“That Leni Riefenstahl was rather a monster is not really in dispute. And if it ever was, two new biographies provide enough information to nail her.” Thus starts a review of two new Riefenstahl biographies by Ian Buruma. As a true bonus, The New York Review of Books has also made available Susan Sontag’s famous 1975 review of Riefenstahl’s ‘The Last of the Nuba’; a fascinating read, despite, given some new revelations, some minor inaccuracies concerning some of the fact - back in 1975, Riefenstahl was still alive and quite actively working on distorting the facts.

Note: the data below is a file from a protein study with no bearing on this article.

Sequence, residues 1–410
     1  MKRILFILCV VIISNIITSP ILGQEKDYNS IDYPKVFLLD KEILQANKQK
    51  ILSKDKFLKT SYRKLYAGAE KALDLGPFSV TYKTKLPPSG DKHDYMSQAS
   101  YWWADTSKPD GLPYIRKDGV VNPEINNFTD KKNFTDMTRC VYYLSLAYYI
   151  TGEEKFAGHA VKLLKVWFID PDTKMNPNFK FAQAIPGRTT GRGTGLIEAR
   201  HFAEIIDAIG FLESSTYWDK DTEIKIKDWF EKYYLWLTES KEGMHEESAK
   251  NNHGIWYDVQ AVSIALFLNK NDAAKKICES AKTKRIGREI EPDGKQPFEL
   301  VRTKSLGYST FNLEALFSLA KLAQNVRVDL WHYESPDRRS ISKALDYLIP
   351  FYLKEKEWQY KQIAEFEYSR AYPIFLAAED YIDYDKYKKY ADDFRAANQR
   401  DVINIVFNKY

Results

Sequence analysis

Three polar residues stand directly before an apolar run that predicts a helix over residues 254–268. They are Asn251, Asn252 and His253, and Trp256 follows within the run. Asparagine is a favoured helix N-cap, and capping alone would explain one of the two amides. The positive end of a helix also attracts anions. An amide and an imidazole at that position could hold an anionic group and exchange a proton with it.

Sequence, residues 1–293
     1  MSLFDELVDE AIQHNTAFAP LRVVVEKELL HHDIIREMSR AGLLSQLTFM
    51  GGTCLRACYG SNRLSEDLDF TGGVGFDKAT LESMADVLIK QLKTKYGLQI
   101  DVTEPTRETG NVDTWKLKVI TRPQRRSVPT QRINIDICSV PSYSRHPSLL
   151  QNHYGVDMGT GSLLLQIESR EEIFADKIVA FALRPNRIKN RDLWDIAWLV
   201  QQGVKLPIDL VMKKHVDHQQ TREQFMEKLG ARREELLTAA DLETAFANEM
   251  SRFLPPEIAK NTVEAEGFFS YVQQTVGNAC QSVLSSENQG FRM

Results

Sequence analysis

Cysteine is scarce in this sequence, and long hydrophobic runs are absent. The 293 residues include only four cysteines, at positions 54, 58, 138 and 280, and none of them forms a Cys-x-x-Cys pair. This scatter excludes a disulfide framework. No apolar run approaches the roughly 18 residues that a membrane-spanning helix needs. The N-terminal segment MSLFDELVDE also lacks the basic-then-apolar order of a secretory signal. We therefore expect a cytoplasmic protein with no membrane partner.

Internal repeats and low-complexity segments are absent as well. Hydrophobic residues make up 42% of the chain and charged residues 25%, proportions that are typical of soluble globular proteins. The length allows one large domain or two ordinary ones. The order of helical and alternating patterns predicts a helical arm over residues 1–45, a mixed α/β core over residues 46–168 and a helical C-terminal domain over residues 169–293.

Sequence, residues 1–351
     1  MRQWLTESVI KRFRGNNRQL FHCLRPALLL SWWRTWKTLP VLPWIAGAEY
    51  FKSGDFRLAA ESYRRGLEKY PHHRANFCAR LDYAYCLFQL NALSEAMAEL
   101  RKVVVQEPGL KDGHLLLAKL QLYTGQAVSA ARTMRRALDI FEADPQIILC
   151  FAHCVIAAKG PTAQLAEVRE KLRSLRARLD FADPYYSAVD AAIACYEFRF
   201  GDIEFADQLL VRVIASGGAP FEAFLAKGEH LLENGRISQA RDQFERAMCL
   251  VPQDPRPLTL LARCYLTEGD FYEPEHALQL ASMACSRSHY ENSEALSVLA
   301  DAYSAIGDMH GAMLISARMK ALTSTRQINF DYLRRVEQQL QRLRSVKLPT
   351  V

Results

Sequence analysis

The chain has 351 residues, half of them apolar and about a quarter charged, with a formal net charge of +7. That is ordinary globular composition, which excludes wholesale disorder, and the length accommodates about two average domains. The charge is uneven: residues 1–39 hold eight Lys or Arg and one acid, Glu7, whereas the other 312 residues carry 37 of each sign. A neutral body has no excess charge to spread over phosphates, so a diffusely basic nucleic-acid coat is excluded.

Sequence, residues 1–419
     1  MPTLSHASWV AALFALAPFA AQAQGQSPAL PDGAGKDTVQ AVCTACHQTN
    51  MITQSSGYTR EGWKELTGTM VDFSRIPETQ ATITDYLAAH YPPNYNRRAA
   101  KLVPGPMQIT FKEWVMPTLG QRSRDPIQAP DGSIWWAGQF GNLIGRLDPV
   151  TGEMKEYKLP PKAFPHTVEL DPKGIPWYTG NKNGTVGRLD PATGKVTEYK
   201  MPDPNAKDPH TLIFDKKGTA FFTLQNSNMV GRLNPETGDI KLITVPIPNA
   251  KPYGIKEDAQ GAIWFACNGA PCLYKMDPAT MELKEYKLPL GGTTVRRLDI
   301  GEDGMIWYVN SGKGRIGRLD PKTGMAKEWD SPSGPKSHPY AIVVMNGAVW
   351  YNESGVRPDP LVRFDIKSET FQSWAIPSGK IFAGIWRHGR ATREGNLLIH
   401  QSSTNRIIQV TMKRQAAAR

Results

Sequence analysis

Having just read one of the books reviewed by Ian Buruma (Leni Riefenstahl: A Life), I don’t think there is much left to be said about Leni Riefenstahl, her legacy and especially her movies. I do think, however, that there is a lot to be gained from thinking about why people are still so fascinated by her propaganda movies and imagery. As maybe one extreme take Brian Ferry saying “The way in which the Nazis stage-managed and presented themselves…! I’m talking about Leni Riefenstahl films and Albert Speer’s buildings and the mass rallies and the flags - simply fantastic. Really lovely”. Or maybe another one, given its most recent anniversary, it is quite important to note that one of the many movies George Lucas borrowed from is “Triumph of the Will”, for the final scene of “Star Wars”. Or, as the author of Leni Riefenstahl: A Life points out, many of the photos in Annie Leibowitz’s “Olympic Portraits” could be taken straight out of Leni Riefenstahl’s “Olympia”. Shouldn’t we be a bit concerned about this?